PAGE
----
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Senate approves 4 percent boost in state education aid


This news story was published on February 7, 2012.
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Rod Boshart, CR Gazette –

Democrats who control the Iowa Senate voted 26-23 on Tuesday to provide a 4 percent increase in per-pupil state aid funding to Iowa’s public K-12 school districts in fiscal 2014.

Senators also voted 26-23 to increase categorical funding for class-size reduction, professional development and other programs provided by K-12 schools by the same 4 percent for the 2013-14 school year.

The proposed 4 percent “allowable growth” would provide about $142.6 million in increased state foundation aid and an extra $14.6 million for categorical programs in fiscal 2014.

Sen. Herman Quirmbach, D-Ames, chairman of the Senate Education Committee and floor manager of both Senate File 2114 and Senate File 2115, said the state’s economy is improving, state tax collections are rebounding and the state can afford to increase funding for schools at a time when Gov. Terry Branstad is pushing major reforms to boost student achievement and make Iowa schools world-class competitive again. He said the higher spending level is needed given the schools received no “allowable growth” increase for the current fiscal year and are slated to get a 2 percent boost in fiscal 2013.

Under the Senate-passed version, state spending would increase by $240 per elementary and secondary school student, which would average $6,241 for fiscal 2014.

Even with the proposed higher funding level, 99 districts with declining enrollment still would need to rely on supplemental property tax revenue under a budget guarantee to finance operations in fiscal 2014 – compared to 270 districts currently on the guarantee this year and a projected 205 next fiscal year, backers argued.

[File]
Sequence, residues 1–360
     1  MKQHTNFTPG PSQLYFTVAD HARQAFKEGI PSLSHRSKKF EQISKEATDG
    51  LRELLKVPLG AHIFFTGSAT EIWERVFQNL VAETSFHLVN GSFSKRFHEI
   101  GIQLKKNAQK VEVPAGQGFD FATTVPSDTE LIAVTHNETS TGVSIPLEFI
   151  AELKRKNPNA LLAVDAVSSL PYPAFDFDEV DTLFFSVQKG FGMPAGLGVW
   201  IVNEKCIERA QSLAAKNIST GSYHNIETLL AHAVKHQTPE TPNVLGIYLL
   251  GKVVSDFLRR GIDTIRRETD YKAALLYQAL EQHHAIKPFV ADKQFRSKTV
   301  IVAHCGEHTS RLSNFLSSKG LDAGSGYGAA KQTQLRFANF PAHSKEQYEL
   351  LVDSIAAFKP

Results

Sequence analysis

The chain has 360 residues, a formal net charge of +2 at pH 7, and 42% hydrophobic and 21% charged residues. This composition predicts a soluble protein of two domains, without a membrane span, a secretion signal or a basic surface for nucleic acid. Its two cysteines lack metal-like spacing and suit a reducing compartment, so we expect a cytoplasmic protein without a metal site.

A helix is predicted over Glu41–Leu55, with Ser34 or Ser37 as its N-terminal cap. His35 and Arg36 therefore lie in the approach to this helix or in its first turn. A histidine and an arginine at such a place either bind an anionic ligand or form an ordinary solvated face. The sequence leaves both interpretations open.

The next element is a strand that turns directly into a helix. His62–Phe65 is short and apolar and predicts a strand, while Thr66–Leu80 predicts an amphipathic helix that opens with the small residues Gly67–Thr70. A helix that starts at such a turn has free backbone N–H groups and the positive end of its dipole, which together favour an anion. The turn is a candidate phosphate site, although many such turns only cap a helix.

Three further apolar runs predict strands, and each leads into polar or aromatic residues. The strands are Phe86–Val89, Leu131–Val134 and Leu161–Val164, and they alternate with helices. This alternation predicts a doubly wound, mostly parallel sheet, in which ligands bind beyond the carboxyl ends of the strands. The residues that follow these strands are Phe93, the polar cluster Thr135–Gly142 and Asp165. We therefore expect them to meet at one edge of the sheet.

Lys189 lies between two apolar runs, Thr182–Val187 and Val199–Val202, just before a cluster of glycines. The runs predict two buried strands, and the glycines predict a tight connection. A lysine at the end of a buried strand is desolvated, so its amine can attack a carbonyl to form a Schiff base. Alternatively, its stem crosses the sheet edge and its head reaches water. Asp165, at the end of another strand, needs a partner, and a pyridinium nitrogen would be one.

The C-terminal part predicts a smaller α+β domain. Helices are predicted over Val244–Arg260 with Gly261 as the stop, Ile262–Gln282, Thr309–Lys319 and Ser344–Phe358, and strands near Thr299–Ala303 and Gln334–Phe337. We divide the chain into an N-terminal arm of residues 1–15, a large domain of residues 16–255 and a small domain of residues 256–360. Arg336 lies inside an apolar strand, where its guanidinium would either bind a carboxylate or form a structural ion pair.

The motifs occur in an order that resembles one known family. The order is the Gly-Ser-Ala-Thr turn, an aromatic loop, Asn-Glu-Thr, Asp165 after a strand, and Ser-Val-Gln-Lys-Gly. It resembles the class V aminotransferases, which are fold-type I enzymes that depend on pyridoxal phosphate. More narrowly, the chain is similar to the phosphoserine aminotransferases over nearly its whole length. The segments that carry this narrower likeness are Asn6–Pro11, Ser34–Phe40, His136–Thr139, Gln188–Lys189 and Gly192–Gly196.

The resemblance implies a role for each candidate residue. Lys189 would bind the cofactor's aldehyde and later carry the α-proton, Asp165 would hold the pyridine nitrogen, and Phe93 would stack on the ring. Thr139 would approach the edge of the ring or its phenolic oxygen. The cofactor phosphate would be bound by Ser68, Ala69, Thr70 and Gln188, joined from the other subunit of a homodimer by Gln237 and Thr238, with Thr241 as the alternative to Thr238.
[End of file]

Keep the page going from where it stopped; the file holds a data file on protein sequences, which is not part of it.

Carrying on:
However, minority Republicans said today’s vote was purely for political show, given the Legislature’s poor track record of fully funding its commitments to education and the fact that Branstad and House Republicans want to revamp the state’s forward-funding law to conform two-year spending decisions with the state’s biennial budgeting process.

“We’ve never done it in our history,” said Sen. Mark Chelgren, R-Ottumwa. “We’ve lied to you taxpayers of Iowa and we intend to do it again.”

Senate Democrats said they took action to abide by Iowa’s educational forward-funding law, which requires lawmakers and the governor to finalize the per-pupil state aid number more than a year in advance and to do it in within 30 days of the date the governor submits a budget plan to the Legislature. That took place on Jan. 10, so this year’s deadline to comply with state law is Thursday.

Gov. Terry Branstad has called for the split-control Legislature to repeal the law and consider new reforms in how resources are allocated to elementary and secondary schools that will produce better results in student achievement. He also noted that lawmakers have not abided by the forward-funding law in the past.

For their part, Republicans who hold a 60-40 edge in the House, have moved a bill to their debate calendar that proposes an immediate modification to existing law by changing the requirement to say the state K-12 education growth rates would be set in each odd-numbered year for the two upcoming budget years. The new deadline would be within 30 days of the date the governor submits a proposed two-year budget in each odd-numbered year.

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